I can see Freegold becoming almost necessary in this scenario.

Tdfxman said...

A couple of questions for the group.

1) Can someone tell me specifically who the "factions are"?
No one seems to want to agree that there is one global group in control. So instead of simply disagreeing, please tell us who is matching up against each other. And if there are more than one side, please tell the board what each side wants. Does one want freegold and the other does not?

2) What is more likely? A formal currency devaluation or hyper-inflation here in the US. What are the guesses on when?

I seem to think after Copenhagen that this might take longer to play out than I might have thought.

costata said...


Thanks for the feedback. We have a foot in both camps with an emphasis on the yellow metal. Though we are happy to buy silver when the ratio looks favourable.

Anonymous said...

costata: -
If Ag can leave Dec with the Ratio at 5 "anything" I'll be as happy as a lark.

Unknown said...

@Richard T:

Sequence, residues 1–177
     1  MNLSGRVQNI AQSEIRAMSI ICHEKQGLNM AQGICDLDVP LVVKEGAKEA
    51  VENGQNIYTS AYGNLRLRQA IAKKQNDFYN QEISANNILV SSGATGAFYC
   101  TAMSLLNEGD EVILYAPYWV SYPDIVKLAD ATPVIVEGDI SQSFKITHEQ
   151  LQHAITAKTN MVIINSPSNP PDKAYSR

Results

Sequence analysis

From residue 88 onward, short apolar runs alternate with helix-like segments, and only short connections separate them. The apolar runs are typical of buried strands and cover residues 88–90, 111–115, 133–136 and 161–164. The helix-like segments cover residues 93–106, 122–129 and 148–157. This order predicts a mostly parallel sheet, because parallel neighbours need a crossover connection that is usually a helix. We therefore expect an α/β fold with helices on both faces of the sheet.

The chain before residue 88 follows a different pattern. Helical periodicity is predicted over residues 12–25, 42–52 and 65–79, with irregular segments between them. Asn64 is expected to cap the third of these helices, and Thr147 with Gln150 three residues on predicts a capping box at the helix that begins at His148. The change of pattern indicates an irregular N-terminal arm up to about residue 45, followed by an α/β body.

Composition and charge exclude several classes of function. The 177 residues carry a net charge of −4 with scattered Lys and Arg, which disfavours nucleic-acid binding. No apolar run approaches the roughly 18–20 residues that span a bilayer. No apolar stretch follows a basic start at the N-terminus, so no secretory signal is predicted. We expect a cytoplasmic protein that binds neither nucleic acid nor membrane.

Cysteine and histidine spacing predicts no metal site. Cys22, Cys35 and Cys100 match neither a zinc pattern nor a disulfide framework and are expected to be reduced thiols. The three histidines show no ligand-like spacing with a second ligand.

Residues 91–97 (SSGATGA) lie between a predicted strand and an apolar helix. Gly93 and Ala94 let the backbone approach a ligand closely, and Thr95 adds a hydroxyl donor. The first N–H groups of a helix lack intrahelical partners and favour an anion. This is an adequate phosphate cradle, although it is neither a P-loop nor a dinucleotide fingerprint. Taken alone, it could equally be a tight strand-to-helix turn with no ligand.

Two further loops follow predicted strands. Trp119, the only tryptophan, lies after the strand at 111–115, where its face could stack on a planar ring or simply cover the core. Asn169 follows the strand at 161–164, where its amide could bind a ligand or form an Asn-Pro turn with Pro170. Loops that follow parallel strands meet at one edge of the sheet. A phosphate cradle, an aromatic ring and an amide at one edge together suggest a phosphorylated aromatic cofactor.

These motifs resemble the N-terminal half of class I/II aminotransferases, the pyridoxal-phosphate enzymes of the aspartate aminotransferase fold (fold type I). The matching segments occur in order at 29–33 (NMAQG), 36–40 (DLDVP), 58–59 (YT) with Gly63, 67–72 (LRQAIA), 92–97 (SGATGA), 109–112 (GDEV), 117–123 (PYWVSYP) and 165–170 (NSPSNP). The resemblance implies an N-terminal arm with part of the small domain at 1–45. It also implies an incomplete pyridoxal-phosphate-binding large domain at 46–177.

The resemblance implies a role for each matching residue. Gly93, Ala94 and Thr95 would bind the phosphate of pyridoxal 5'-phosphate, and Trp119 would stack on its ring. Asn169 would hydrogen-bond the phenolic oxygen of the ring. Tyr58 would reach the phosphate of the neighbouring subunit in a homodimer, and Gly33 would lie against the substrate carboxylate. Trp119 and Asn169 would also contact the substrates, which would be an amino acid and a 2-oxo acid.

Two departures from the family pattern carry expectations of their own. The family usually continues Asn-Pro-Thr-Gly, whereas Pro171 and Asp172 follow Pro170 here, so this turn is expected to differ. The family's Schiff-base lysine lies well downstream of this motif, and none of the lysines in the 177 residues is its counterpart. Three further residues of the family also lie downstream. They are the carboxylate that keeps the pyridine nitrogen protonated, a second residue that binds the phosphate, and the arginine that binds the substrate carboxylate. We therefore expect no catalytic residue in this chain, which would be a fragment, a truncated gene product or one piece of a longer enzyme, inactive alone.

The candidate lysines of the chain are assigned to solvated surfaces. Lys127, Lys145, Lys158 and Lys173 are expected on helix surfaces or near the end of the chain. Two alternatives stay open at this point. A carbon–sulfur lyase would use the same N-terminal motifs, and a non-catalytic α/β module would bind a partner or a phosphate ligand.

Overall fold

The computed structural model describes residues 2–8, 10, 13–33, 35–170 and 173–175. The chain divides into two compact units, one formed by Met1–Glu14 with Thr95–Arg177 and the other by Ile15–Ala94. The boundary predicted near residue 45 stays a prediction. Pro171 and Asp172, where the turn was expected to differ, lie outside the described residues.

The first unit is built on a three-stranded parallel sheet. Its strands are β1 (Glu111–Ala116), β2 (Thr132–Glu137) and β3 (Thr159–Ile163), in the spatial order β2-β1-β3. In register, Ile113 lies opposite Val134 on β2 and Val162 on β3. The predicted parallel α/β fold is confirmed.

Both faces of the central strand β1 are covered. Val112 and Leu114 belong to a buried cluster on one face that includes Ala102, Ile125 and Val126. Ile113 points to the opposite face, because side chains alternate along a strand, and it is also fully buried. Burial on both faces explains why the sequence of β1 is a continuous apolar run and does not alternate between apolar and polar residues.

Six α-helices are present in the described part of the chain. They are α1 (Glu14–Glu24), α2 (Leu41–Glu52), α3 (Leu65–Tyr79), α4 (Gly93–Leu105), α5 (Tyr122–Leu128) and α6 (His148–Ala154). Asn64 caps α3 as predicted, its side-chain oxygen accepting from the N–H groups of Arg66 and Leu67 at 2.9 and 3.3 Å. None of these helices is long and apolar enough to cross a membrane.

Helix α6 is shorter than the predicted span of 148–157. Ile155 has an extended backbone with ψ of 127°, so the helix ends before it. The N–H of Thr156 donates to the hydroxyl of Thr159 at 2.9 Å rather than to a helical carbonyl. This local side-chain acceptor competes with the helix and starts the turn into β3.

In august, I went to Argentina and I saw many drought zones there. It's really disaster. Even the best place (Tucuman) in Argentina is going to be a disaster zone...

Only Uruguay looks okay, because it has lot of water in his area (for feedcattles, etc.)...

Now my fear is oversupply of foodstamps in periods of foodshortage. It's paper, backed by food... (like paper gold)

Midnight in the food-stamp economy

And Eric got lots of credibility... His research is one of the best I've ever seen...


Martijn said...


Did you note their comments about the impact of sovereign credit risk in Eastern Europe etc on the EU and the Euro? They assert that it will be far less than claimed by the Anglo-American media.

If they are correct in this it would seem that the economic warfare is proceeding to a new level.